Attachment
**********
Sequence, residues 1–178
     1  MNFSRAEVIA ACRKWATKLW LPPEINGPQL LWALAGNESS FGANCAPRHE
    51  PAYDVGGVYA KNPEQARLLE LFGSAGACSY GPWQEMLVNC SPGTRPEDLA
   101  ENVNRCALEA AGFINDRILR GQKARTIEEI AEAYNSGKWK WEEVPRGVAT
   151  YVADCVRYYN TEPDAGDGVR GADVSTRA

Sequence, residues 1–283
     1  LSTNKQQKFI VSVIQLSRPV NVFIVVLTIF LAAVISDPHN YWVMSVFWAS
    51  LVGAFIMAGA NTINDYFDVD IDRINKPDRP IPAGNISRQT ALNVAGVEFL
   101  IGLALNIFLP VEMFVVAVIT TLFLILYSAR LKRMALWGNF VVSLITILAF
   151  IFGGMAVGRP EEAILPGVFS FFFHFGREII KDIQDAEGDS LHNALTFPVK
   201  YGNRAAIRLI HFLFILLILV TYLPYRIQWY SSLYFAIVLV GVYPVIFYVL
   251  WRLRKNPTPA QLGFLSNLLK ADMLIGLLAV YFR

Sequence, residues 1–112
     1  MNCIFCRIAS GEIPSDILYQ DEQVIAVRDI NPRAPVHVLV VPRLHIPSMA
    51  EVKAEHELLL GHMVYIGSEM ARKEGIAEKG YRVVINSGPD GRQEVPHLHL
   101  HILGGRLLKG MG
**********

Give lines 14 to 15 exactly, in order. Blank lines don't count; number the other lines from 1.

     1  MNCIFCRIAS GEIPSDILYQ DEQVIAVRDI NPRAPVHVLV VPRLHIPSMA
    51  EVKAEHELLL GHMVYIGSEM ARKEGIAEKG YRVVINSGPD GRQEVPHLHL